Writing Children’s Book
Have you ever wanted to write your very own children’s book? Writing a children’s book is probably one of the most fulfilling undertakings you could partake of. Not only are you given the chance to educate kids, you are also given the chance to entertain them with great content and lovable characters. But writing a children’s book is not as easy as it seems. This is because writing to children involves a lot of thought if the content is too mature for the child and if the story is too complicated. Here are some mistakes to avoid when writing a children’s book.
- Talking down to your audience
One of the worst things to do, when you’re writing a children’s book, is talking down to your audience. Even though your audience is predominantly composed of children, there is no reason to talk down to them. If you use baby talk, you will find out that most children really hate it when adults baby talk them. It will also annoy parents because they want their kids to learn when they read a children’s book. So remember when you are writing your children’s book try to make it a clever one. Give your audience more credit, they may be kids, but they’re not stupid. Famous children’s book writer Beverly Cleary captures this perfectly in a short quote.
“As a child, I disliked books in which children learned to be ‘better’ children.”
- Using inappropriate topics
Remember that you are writing for kids, so it is not advisable that you use inappropriate topics in your work. Imagine how your young readers will react if your book mentioned more adult like themes such as death. Although children have to learn about death and other unpleasant things as they grow, it is best that they learn about it from their parents and not from a book. This is why you should always be careful on which topics to use.
According to children’s book writer Pat Mora, one of the best ways for you to choose a topic is to look deep within yourself and remember your child-self, your feelings, memories, fears, and pleasures. This will allow you to be connected to your inner child and create a book that your kid audience can relate to.
- Using inappropriate art
Art is a truly great way for you to make an impact on your audience, just as long as it is appropriate and does not scare them. Children’s books are supposed to give kids a sense of fun and wonder and help them learn great life lessons. Thus it would be a very bad idea to use disturbing images because it will not only scare them but even traumatize them. Always remember that you are writing for kids thus the images you use should be pleasant, artistic and inspiring.
Remember that children’s books tend to be read and reread, so it is very important that your art is attractive, and captures the spirit of the book. Let’s be honest one of the reasons why kids love children’s books is because of the beautiful pictures that capture their attention.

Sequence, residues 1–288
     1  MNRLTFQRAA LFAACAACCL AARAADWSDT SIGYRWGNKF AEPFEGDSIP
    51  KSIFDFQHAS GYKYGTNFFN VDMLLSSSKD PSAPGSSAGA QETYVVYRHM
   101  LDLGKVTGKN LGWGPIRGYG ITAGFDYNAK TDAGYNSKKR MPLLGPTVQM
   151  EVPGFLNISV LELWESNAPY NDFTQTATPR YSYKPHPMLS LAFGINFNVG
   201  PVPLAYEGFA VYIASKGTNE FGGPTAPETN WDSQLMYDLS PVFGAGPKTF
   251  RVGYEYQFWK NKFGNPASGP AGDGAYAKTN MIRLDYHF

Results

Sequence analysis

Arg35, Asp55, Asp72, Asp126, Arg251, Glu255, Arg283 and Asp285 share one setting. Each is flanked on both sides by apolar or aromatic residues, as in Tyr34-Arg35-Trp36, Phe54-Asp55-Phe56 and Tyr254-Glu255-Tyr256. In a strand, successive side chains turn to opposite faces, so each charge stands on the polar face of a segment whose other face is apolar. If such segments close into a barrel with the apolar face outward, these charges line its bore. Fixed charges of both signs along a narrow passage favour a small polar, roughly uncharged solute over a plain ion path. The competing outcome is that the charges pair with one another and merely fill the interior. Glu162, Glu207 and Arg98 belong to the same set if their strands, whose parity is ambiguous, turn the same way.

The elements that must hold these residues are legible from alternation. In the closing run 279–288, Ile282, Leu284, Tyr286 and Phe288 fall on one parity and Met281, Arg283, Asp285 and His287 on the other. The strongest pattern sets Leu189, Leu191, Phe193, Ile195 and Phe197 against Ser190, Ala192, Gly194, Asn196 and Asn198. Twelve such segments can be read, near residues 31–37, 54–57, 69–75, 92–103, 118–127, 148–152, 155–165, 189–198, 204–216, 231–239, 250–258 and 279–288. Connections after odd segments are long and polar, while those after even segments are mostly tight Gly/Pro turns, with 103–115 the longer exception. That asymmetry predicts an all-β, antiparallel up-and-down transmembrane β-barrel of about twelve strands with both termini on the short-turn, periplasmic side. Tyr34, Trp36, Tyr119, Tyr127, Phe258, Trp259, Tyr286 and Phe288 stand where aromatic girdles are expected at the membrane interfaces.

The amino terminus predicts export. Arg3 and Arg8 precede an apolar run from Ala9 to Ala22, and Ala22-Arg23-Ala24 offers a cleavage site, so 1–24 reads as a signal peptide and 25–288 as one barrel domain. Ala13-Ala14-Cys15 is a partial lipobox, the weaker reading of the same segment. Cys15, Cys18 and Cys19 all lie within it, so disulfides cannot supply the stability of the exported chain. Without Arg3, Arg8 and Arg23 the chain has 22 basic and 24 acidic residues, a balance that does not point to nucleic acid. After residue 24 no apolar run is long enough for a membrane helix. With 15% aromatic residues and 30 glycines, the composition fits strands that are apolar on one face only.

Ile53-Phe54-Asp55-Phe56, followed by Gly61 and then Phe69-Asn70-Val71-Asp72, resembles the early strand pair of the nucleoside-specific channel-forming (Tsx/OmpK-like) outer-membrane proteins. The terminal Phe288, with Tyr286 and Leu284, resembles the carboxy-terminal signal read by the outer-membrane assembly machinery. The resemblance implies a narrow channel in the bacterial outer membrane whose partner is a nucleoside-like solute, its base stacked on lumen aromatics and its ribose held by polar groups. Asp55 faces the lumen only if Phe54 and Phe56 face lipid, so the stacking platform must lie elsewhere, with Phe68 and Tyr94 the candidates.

- Don’t use complicated prose
Some writers make the mistake of using overly complicated words on their books. Young children at the age of 5 to 10 have yet to fully develop their vocabulary, thus if you use overly complicated words they would most likely be confused and even lose interest in your book. This quote by the much-loved author and illustrator Eric Carle captures this tip very well.
“[Children’s books] are deceptively simple. I admit that. But for me, all my life I try to simplify things. As a child in school, things were very hard for me to understand often, and I developed a knack, I think. I developed a process to simplify things so I would understand them.”
- Putting boring and unnecessary characters in your book
One of the problems you will usually encounter when writing children’s books is the fact that kids have a very short attention span, and you won’t do yourself any favors if your characters are boring and bland. Your characters should be unique and get the interest of your audience from the get-go. This quote from the creators of the much beloved Bernstein Bears book series Stan and Jan Berenstain captures this tip very well.
“Children are very good about finding mistakes. We get probably thousands of letters, and some of them find mistakes in our books. As some readers know, Sister Bear always wears a pink hairbow. In one book we forgot the hairbow, and we got a letter about it. That proves to us that the children are really paying attention, and that’s good.”
-Stan and Jan Berenstain
All in all when you write a children story always remember that a good children’s book comes from deep within yourself. It all really depends on how you harness your inner child and how you relate to the kids through your writing.